Faced with the specter of a Trump presidency, calls for Democrats to "unify the party" are reaching a crescendo. Now that Hillary Clinton has won a clear majority of pledged delegates as well as 55 percent of the popular vote and been declared the presumptive nominee, calls for Bernie Sanders to drop out of the race have an undeniable logic. Under normal circumstances, this would -- and should -- be the end of the matter, for Secretary Clinton won a primary process in which over 25 million people participated, and elementary respect for democratic norms would make her the nominee. But this is anything but a normal election, and it would be a mistake at this point -- for the Democratic Party and for the country -- for Senator Sanders to withdraw.
Three features make 2016 a year unlike any other. First and foremost, there is the prospect of a uniquely unqualified candidate ascending to the presidency -- in Donald Trump, one of our two major political parties will have nominated a person whose repeated public pronouncements have exhibited a level of xenophobia, racism, and misogyny that poses a grave threat to America's social fabric. Temperamentally unsuited to the nation's highest office, Trump's candidacy massively raises the stakes of the election. Second, the Democratic Party finds itself in the unusual position of readying itself to nominate in Hillary Clinton the candidate who, based on the evidence currently available, appears to be a much weaker candidate against Donald Trump than the runner-up whom she defeated in the primaries. Third, the presumptive Democratic nominee is currently being investigated by the FBI -- an unprecedented situation that has been pushed outside the boundaries of respectable Democratic discourse ever since Senator Sanders since famously said last October that "America is sick and tired of hearing about your damn emails." Nevertheless, this issue could still come back and damage her candidacy. Together, these three factors demand not a rush to closure, but sober and measured reflection on the best strategy for keeping Donald Trump out of the Oval Office.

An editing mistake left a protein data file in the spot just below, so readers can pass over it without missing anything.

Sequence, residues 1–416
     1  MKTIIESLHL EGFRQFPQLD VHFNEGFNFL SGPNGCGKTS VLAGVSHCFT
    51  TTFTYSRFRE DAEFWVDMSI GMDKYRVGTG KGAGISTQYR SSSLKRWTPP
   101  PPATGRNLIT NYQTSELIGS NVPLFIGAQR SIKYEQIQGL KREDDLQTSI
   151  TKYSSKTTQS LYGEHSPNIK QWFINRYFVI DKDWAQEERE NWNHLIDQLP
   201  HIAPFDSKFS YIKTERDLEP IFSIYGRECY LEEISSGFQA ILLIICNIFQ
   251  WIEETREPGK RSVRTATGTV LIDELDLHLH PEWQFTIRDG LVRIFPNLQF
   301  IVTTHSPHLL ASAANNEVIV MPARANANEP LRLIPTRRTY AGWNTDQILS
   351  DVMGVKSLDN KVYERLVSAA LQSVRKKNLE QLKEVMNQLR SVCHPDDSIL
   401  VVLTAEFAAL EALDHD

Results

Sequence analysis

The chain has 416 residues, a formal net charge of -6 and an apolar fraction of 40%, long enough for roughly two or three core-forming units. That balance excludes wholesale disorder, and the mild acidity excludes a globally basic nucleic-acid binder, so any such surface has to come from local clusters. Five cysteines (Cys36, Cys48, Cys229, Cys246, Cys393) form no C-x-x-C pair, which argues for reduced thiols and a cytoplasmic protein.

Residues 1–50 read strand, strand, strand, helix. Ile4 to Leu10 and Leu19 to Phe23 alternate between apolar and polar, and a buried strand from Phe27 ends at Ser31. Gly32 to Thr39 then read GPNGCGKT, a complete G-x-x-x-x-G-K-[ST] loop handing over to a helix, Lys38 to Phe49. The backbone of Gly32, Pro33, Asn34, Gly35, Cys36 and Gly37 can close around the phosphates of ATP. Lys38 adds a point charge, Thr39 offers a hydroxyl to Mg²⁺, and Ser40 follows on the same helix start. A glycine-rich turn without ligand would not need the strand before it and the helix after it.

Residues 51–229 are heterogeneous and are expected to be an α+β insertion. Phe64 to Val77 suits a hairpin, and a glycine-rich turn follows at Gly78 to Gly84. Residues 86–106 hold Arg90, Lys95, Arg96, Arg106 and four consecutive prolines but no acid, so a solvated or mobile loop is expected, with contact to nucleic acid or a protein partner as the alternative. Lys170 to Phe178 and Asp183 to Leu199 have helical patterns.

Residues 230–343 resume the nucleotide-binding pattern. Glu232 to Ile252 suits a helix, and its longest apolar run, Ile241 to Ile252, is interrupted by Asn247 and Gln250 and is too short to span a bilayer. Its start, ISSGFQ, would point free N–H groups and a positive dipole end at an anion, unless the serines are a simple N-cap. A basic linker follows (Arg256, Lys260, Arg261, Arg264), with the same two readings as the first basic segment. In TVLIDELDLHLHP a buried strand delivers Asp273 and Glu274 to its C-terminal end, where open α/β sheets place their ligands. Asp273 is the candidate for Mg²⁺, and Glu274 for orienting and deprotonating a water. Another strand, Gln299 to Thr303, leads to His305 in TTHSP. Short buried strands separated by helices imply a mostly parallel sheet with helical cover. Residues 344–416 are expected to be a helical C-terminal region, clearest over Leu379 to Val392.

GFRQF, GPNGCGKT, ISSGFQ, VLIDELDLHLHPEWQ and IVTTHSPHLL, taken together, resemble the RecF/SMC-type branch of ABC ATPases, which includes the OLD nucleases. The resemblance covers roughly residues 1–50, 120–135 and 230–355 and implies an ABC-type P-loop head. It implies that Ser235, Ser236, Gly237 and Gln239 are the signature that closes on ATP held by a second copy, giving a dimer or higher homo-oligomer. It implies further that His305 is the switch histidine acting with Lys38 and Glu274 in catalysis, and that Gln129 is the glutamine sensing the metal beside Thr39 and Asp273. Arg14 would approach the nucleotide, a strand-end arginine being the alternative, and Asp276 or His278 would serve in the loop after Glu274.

To be sure, there have been other candidates for president -- Strom Thurmond in 1948 and George Wallace in 1968 come to mind -- who have made demagogic and racist appeals to the baser impulses of the American people. But they were not the candidates of one of our great political parties, and neither had a serious chance of winning the White House. Trump is different, for he is the presumptive nominee of the Republican Party and starts the election with a floor of 38 to 40 percent of the electorate, with every indication that his ceiling is much higher. One does not have to agree with Andrew Sullivan that a Trump presidency could be "an extinction-level event" for American democracy or with Robert Kagan that Trump reveals "how fascism comes to America" to recognize that Donald Trump's assaults on Mexicans, Muslims, and other groups have legitimized explosive racist and xenophobic sentiments that are best kept on the margins of American life.
Remarkably, there is a very real possibility that Hillary Clinton -- despite (or perhaps because) of her vast experience and extensive knowledge -- could lose the election to Mr. Trump. Secretary Clinton's weaknesses are well-known -- among them, the public's belief that she is not "honest and trustworthy" and her historically high unfavorability ratings. Even now, after her powerful speech last week in San Diego attacking Trump and a series of recent missteps by him so embarrassing that party elites who endorsed him are now scurrying to distance themselves, Secretary Clinton leads Trump in the polls by a mere two to four percent. According to the betting markets, there is now better than a one in four chance that Secretary Clinton will lose to Trump in November -- excellent odds if you are placing a bet on a Clinton victory, but potentially worrisome for anyone who believes a Trump presidency would be a disaster for America and perhaps the world.
Sanders, in contrast, is consistently far ahead of Trump in head-to-head match-ups. Four nationally representative polls have been conducted in the past week; Sanders beat Trump decisively in each of the polls, with margins of 12, 10, 13, and 11 points, compared to 4, 5, 4, and 3 points for Secretary Clinton. All of these polls, it is worth noting, give Sanders victories well outside the margin of error, and all of them were taken largely after Clinton's impressive San Diego speech.